Tracklist:Back From the Void (8:40), The 1000 Years' Warfare (4:33), Chant of Him (2:51), The Deepest Chasm (5:44), Chant of Her (4:48), Metaphysical Journey (3:49), Dawn in the Temple (4:23), A Word for Two Worlds (5:11), All The Gates of Tomorrow (5:26)
Words fail me; Fabio Zuffanti, one of Italy's most productive producers, composers and musicians has outdone himself with the last release of La Maschera di Cera. Not only has the album been made in two languages, English and Italian, but in doing so Fabio has superseded every expectation possible.
Some forty years ago Italy produced a great rock band by the name of Le Orme, who still exist, and in 1973 these guys produced a piece of work called Felona e Sorona. You could view Le Porte del Domani as the long awaited sequel to this magnificent album from the early ages of prog rock. Looking at Le Porte del Domani as a sort of remake of Felona e Sorona is equally possible.
From the first notes until the last ones fade the album is reminiscent of the '70s album which it only out does in length. Compositionally as well as musically the resemblance is stunning yet it is a long way from being plagiarism.
For the readers among us that are not aware or not into RPI it may be difficult to understand what I have just written. It might look as though La Maschera di Cera are copy cats. Not as such as we are dealing with a bunch of excellent musicians capable of performing such an incredible piece of work.
All the songs are keyboard dominated as is often the case in RPI as well as in Neo prog. The Italian language in which all the tracks are sung lends itself very well to the bombastic soundscape that Le Porte del Domani is enriched with. The band and label have gone to great heights to release it in both an Italian and English version. Although I absolutely do not speak Italian very well I much prefer the Italian version above the English one. For those who own Le Orme's Felona e Sorona getting Le Porte del Domani by La Maschera di Cera is an absolute must as what Le Orme's works were for the 1970s this new album by La Maschera di Cera does for the RPI scene today.
The album is simply packed with great keys, good guitar work, fine bass lines and Well written songs with great melodies. I could go on and on with all this raving about Le Porte del Domani.
The album is also very well produced with a very open and bold sound. I have had the opportunity to listen to both versions and can really say that the Italian version has a slightly better sound as some of the power seems to have been lost in transferring the whole album into English. Not only that but the voice of Alessandro Corvaglia does not seem as strong on the English version.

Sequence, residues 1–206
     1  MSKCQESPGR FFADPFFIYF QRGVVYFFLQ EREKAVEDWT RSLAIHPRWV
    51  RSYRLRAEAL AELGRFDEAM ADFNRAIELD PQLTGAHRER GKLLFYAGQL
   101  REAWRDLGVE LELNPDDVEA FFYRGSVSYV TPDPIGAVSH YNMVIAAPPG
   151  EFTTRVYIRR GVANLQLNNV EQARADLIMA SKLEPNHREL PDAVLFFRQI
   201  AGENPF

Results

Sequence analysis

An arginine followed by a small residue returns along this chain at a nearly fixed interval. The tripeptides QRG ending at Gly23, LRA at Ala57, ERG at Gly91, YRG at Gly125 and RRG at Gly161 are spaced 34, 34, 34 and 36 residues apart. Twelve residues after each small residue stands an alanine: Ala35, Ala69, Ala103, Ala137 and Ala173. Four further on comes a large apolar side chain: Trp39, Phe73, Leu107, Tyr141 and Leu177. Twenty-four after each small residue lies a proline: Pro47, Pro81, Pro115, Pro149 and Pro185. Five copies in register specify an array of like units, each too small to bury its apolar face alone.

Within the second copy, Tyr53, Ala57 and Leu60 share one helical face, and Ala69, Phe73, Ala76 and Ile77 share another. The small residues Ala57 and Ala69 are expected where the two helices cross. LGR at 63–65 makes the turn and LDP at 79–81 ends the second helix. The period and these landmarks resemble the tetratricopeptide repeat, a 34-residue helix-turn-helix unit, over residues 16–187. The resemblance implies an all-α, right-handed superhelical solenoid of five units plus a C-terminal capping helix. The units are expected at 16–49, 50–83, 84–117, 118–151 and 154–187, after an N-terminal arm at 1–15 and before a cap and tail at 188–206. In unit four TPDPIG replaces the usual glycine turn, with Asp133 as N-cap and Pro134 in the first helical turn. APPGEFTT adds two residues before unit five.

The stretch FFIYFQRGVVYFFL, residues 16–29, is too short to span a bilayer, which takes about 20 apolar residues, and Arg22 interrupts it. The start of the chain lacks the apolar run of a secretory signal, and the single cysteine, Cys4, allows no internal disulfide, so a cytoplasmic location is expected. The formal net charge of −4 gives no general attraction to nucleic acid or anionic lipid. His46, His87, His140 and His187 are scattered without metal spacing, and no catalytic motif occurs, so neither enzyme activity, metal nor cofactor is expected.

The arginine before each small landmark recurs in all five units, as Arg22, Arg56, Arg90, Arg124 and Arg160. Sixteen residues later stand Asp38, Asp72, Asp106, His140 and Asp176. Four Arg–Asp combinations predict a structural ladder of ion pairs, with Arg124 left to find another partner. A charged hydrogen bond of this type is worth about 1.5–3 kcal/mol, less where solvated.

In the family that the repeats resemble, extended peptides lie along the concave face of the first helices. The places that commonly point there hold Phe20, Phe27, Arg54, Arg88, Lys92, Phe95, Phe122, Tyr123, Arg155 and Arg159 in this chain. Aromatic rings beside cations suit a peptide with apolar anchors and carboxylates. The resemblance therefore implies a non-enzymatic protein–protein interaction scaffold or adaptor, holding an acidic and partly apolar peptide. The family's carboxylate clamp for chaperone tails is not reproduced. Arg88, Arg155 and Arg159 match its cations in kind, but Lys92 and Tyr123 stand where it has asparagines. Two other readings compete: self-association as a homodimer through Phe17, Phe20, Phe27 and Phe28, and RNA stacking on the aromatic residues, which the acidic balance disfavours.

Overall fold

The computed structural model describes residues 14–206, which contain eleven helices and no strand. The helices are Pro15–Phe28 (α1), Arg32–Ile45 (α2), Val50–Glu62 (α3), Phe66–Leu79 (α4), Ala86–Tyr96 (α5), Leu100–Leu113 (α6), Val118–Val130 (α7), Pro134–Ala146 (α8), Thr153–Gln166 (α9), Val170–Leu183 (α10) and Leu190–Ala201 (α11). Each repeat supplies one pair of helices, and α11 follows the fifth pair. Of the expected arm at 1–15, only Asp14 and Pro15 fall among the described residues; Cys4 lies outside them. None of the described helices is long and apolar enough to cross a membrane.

In conclusion, La Maschera di Cera have taken three years to come up with Le Porte del Domani leaving many of us with great expectations of what we could expect and if they would be able to deliver. Mau di Tollo, Agostino Macor, Andrea Monetti, the aforementioned Alessandro Corvaglia and of course the mastermind behind all of this Fabio Zuffanti have delivered and in great style; Le Porte del Domani/The Gates of Tomorrow together make for an album that is not to be missed both in English and Italian.
Adding to the reminiscent feel is the artwork which amply shows and hints towards Felona e Sorona making the picture complete.
Tracklist:Dove Tutto E' Possibile (3:56), L'impercorribile (3:56), L'Assenza (3:24), Nel Silenzio (3:56), Maryland (3:16), La Penisola Che Non C'è (3:13), Vortice (3:22), L'Eclissi (3:10), Costanze (3:51) Gli Spazi Della Mente (3:31), Immagini (3:20), L'istante (3:11)
I was attracted to this album by two things: The very eye-catching cover by artist Felideus and the fact that Pain of Salvation mainman Daniel Gildenlöw features on one of the tracks.
I can't shed too much other information about this Italian band. They seem to have been around since 2005 and released one previous album. They've certainly not featured on DPRP before.
Having given this a good few spins, I must say that I've rather enjoyed it. However other than Gildenlöw completists, I can't see this holding too much interest to a Prog audience.
Most of the songs clock in closest to the three minute mark and nothing passes 236 seconds. Sitting firmly in the alternative rock mould, the music is catchy and melodic, keeps up a pretty rocking pace and gets straight to the point before moving on. There are some inventive details to the arrangements. The vocals of Candido Di Sevo (sung all in Italian) are very strong, as is the use of harmonies with guitarist Alessandro Galdieri.
The song with Gildenlöw (L'assenza - translated as 'Roses and Thorns') is actually the best. It would make a great pop rock single. I also really like Vortice and the opening title track.
As I said this ain't a prog album but if you fancy a bit of Italian alternative rock then there's some great music to be enjoyed.
Tracklist:Toshogu Shrine (1:10), Mizaru (6:52), Three Wise Monkeys (5:16), Kikazaru (3:58), Blackened Tornado (7:15), Iwazaru (4:23), Free Falling (4:45), Between Space and Time (4:21), Coming Home (3:47), Believe (4:40)